Morrisons chief feels the pressure as profits slide amid grocers’ price war

Dalton Philips sticks to guns on strategy to fight the discounters at their own game

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Morrisons’ chief executive, Dalton Philips, has defended his attempts to wrestle shoppers from the clutches of its rivals by slashing prices, even though the grocer’s first-half profits more than halved.

Mr Philips admitted yesterday that he was “under pressure” amid a price war triggered by the German discounters Aldi and Lidl and ratcheted up by the supermarket heavyweights Tesco and Asda.

First-half pre-tax profits slumped by 51 per cent to £181m, Morrisons announced – the lowest level since 2006 at the height of its disastrous integration of Safeway.

Sales at supermarkets open longer than a year plunged by 7.4 per cent over the six months and 7.6 per cent in the second quarter as the price war heated up.

Mr Philips’ role is under increasing scrutiny, not least from bookmakers who are taking bets on whether he will be fired.

“As a chief executive you always feel under pressure to execute a big plan,” he said. “You feel it acutely, but I’m confident in this plan.”

He hopes to turn round the grocer’s fortunes by spending £1bn over three years on slashing prices, investing in shops, opening convenience stores and delivering online grocery orders – via partner Ocado – to more homes.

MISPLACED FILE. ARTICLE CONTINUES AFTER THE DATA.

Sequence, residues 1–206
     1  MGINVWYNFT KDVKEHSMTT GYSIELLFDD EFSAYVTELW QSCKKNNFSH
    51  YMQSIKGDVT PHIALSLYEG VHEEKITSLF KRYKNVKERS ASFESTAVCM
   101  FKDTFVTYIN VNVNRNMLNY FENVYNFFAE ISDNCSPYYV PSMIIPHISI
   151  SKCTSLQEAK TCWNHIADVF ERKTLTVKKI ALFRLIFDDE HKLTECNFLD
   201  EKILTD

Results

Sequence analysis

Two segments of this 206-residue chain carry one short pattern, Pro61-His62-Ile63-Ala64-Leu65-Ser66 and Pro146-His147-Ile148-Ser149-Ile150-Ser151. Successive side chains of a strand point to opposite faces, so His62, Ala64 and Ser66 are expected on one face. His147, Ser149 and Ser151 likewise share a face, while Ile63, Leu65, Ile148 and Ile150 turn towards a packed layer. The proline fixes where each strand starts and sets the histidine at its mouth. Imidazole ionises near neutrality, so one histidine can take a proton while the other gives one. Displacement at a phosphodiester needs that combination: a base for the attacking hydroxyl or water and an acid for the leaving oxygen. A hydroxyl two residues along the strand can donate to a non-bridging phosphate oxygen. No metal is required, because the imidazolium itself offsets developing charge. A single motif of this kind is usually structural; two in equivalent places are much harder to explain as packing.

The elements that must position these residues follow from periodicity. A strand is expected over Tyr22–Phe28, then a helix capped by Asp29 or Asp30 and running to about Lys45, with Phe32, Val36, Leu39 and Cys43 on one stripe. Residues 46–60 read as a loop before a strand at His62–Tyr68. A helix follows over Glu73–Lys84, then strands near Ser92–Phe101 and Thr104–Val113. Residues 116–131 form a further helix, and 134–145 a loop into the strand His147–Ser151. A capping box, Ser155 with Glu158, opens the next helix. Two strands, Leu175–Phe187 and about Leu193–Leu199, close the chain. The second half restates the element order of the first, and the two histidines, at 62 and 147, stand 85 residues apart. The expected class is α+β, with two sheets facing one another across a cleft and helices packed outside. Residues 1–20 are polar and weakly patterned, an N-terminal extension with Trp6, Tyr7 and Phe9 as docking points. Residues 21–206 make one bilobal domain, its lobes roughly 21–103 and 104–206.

Morrisons invested £135m in cutting prices in the first half to fight Aldi and Lidl at their own game. It also said customers would be charmed back to its shops through extras including fresh-food counters, cafés and fuel.

Clive Black, an analyst at the broker Shore Capital, said he was encouraged by positive recent market data for Morrisons, but warned that it was aided by investment in promotions and that the strategy of Dave Lewis, the new Tesco chief, will also have an impact. Mr Black said: “We would be very surprised if a stronger and simplified value proposition was not at the centre of any plan to rejuvenate [Tesco’s] core chain – a change in approach that must result in waves of discomfort for the rest of the sector.”

Shares in Morrisons, which have declined by more than 40 per cent over the past year, rose by 1.20p to 177.80p after the retailer said it remained committed to a 5 per cent dividend increase to 4.03p. In contrast, Tesco slashed its half-year dividend by 75 per cent two weeks ago.